Reconsidering Incineration CARROLL COUNTY

August 20, 1993

What a difference a year makes. Last summer, Carroll's commissioners had only a passing interest in composting, which they considered to be an impractical solution for the county's solid waste disposal problems. Instead, they focused exclusively incineration as a long-term solution.

After several months of study and discussion, however, the commissioners are reconsidering the merits of composting and will travel next month to the Bedminster Bioconversion plant near Knoxville, Tenn. The plant processes about 185 tons of garbage and sewage sludge daily -- about three-quarters of Sevier County, Tenn.'s solid waste.

Touring a plant does not mean that the commissioners will adopt composting as the primary means for disposing of Carroll's waste. But the fact they are willing to take two days to travel to see this plant is a good indication they are no longer convinced incineration is their best solution.

As a member of the Baltimore Metropolitan Council, Carroll, along with Baltimore City and its four other suburban counties, has agreed to examine a regional solution to solid waste. The council's preliminary plan calls for recycling up to 40 per cent of the region's trash, burning and composting 50 percent and burying the remaining 10 percent in landfills.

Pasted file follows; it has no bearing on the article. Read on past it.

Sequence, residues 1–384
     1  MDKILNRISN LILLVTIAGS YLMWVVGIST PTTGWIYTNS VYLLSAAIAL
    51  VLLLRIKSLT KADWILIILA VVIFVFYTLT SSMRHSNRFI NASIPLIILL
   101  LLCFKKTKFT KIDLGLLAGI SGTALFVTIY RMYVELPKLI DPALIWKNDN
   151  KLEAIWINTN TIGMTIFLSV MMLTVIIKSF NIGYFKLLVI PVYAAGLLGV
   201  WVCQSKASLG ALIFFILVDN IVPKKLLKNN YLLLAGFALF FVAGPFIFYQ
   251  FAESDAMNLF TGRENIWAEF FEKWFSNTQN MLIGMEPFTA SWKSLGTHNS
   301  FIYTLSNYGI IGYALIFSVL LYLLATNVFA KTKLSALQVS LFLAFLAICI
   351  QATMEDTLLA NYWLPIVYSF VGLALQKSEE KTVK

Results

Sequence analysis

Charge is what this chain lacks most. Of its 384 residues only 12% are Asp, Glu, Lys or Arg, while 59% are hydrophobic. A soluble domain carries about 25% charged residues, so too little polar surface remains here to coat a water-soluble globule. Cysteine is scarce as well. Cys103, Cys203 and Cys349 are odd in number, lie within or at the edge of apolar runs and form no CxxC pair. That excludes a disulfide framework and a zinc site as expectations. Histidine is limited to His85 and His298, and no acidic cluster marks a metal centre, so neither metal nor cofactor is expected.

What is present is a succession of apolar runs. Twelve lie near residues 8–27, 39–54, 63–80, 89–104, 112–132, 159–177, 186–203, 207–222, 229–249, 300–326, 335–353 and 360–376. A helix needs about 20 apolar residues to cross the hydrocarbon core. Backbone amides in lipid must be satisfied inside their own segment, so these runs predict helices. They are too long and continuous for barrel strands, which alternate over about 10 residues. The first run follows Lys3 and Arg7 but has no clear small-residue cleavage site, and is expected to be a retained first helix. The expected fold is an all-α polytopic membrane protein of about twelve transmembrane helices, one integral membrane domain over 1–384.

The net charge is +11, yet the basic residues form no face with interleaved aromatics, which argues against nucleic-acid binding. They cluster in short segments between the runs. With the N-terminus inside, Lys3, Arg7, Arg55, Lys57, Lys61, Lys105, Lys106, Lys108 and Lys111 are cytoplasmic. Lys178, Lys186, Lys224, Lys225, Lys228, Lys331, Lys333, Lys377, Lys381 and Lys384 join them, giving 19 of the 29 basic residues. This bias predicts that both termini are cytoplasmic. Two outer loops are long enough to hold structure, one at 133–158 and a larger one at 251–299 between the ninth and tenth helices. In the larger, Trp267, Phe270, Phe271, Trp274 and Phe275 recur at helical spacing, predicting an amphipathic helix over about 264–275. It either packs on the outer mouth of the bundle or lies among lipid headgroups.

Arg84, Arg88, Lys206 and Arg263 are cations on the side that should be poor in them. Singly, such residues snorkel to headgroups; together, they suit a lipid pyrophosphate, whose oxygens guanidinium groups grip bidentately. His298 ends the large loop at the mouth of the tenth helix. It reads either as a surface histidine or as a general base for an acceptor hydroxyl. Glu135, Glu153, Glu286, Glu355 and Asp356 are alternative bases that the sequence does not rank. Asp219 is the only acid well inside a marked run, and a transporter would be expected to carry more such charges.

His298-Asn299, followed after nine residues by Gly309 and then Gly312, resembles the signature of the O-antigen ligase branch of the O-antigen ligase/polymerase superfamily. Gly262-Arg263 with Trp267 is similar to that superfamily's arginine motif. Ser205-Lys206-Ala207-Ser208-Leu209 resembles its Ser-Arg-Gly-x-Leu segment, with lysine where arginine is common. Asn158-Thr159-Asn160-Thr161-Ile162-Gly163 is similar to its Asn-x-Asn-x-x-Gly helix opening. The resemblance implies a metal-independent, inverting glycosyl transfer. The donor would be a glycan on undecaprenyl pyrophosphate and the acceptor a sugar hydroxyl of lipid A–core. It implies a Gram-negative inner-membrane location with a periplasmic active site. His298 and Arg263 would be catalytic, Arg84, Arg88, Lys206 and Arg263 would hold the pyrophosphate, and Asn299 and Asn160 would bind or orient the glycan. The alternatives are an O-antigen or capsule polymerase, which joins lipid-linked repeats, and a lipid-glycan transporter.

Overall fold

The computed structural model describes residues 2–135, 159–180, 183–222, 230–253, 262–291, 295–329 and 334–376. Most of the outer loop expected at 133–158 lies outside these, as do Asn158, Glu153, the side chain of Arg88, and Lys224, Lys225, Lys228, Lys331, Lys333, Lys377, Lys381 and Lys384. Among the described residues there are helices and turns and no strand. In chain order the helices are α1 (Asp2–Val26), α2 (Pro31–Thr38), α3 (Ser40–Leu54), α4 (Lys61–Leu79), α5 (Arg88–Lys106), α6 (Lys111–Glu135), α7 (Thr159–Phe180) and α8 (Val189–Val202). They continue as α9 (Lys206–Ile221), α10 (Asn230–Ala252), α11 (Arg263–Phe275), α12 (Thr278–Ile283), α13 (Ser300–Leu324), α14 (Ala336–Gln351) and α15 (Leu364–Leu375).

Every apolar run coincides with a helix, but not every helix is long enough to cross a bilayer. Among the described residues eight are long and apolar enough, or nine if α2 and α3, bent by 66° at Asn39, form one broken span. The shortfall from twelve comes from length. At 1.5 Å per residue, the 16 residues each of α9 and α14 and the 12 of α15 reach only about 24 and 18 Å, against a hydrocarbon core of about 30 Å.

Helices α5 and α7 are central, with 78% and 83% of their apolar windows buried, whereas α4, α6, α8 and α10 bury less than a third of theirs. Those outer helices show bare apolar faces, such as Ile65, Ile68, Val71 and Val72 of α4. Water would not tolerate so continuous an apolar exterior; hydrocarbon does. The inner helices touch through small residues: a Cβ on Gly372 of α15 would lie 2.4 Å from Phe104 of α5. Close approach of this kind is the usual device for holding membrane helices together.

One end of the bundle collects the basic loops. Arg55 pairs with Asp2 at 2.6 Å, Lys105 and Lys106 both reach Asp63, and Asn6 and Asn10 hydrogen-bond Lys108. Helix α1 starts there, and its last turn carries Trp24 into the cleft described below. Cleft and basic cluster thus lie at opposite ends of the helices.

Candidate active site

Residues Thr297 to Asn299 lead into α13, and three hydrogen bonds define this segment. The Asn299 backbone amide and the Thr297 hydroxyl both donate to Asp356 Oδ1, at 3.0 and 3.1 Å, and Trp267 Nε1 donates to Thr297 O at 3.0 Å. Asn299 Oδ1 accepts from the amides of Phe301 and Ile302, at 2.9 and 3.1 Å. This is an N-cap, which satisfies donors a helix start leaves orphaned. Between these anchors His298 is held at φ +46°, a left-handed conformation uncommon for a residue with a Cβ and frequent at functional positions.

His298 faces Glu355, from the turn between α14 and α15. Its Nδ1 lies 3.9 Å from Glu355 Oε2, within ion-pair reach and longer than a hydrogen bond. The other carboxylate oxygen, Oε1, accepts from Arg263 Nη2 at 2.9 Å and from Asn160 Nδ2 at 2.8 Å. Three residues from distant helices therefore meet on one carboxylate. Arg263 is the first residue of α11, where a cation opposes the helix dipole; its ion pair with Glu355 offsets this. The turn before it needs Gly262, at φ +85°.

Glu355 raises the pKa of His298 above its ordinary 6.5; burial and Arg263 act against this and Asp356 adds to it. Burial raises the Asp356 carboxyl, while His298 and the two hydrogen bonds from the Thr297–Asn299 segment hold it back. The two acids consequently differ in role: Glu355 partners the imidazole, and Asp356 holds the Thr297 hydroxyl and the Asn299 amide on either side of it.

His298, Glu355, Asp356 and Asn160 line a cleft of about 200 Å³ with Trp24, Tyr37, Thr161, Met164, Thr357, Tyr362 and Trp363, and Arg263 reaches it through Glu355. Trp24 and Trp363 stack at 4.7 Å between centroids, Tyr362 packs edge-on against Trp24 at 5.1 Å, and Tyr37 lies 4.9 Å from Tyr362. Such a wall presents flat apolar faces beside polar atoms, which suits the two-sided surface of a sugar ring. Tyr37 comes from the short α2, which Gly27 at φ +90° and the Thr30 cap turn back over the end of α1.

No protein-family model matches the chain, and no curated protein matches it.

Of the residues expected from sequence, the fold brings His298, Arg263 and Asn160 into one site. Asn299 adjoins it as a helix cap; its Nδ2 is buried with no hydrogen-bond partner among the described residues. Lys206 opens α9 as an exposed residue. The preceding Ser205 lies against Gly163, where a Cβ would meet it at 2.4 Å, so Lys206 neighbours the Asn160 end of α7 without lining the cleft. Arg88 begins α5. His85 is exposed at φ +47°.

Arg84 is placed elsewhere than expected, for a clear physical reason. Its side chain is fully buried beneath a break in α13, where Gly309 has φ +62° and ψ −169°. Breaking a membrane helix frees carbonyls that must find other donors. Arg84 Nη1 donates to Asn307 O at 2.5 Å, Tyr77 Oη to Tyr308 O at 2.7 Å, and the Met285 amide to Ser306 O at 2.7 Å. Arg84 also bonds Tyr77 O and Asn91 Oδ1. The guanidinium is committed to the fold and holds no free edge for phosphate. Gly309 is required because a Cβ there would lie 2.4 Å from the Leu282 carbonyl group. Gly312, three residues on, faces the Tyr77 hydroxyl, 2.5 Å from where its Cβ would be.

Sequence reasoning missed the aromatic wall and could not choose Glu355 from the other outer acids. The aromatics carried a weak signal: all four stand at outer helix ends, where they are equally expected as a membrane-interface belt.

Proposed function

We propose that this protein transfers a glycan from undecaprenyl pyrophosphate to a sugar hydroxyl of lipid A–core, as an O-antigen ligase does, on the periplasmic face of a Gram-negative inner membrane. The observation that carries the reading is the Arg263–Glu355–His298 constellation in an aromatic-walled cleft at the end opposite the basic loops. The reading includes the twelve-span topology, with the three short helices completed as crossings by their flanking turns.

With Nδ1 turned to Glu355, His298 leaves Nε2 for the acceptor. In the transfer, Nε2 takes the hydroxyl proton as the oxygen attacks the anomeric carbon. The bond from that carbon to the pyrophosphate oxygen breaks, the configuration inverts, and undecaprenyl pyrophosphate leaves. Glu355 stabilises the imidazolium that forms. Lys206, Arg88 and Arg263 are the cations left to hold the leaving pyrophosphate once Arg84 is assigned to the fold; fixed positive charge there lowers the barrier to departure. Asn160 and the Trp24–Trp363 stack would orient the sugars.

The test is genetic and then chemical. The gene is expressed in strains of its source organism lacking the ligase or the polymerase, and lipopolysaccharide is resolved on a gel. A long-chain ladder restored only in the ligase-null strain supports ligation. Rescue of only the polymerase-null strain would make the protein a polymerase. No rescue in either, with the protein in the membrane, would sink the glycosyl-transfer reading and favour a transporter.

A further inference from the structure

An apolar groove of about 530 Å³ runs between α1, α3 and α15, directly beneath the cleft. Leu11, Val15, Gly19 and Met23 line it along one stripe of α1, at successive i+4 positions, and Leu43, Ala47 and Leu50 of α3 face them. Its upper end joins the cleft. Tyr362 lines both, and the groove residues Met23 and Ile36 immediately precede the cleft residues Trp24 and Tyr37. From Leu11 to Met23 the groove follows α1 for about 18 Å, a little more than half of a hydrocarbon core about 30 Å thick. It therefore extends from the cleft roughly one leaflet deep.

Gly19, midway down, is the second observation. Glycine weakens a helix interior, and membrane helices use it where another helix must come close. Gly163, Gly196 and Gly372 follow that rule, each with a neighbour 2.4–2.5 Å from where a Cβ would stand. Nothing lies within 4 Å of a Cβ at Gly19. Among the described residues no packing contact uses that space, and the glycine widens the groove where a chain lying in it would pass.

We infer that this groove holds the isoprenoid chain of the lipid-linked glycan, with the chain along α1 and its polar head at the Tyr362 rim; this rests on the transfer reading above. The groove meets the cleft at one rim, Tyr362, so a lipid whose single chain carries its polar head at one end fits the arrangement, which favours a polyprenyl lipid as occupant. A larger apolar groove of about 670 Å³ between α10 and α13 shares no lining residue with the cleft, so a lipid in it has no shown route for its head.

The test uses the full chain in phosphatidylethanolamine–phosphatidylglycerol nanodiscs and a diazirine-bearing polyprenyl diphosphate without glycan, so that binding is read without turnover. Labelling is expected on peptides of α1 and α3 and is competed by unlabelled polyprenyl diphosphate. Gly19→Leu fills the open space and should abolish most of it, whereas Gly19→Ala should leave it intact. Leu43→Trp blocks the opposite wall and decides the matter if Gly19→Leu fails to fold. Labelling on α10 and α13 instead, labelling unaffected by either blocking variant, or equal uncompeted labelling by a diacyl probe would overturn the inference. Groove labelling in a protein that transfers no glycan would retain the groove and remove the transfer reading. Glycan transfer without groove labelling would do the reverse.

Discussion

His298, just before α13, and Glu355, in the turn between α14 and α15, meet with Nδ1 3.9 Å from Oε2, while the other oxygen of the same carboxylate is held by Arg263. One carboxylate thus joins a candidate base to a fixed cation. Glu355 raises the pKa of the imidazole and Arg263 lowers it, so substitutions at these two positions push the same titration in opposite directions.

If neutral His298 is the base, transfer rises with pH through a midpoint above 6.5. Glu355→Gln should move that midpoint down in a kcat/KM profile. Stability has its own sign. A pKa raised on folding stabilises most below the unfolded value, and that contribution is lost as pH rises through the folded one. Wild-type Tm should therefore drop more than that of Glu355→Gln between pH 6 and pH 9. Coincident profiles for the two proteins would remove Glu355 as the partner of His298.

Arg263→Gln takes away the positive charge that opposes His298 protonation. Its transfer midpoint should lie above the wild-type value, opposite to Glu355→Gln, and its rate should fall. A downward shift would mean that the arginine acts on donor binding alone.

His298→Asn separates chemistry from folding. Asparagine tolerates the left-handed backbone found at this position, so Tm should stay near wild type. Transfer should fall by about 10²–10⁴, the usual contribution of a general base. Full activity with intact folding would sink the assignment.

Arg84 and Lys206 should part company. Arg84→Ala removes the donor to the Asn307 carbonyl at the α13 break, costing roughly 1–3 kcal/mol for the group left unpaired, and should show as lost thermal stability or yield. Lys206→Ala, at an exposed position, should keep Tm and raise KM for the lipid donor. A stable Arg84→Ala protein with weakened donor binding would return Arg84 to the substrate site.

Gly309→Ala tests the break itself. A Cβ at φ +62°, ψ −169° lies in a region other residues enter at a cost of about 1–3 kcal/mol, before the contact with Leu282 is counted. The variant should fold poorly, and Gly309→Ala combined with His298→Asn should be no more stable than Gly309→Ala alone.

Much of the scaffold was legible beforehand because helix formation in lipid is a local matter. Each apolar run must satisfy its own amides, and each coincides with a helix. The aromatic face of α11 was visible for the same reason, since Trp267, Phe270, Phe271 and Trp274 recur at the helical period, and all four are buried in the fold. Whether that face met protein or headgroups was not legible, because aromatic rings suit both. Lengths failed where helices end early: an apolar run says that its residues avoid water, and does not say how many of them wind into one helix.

Commissioner Donald I. Dell remains an enthusiastic supporter of a waste-to-energy incinerator, but his colleague, Elmer C. Lippy, is beginning to have his doubts. Mr. Lippy is worried about the cost of constructing and operating an incinerator. The third commissioner, Julia Gouge, has always favored alternatives incineration and has been pushing composting as a less costly disposal method.

Composting -- a form of recycling -- will also ensure that Carroll achieves the state-mandated goal of recycling 15 percent of its solid waste by 1994. With Carroll's recycling rate fluctuating between 9 and 21 percent during the past year, the commissioners do not want to impose mandatory recycling in a county that believes in laissez-faire garbage disposal.

It is dawning on the commissioners that a successful program that turns garbage into compost may be a less expensive and more attractive alternative than the original plan of transforming garbage into steam.

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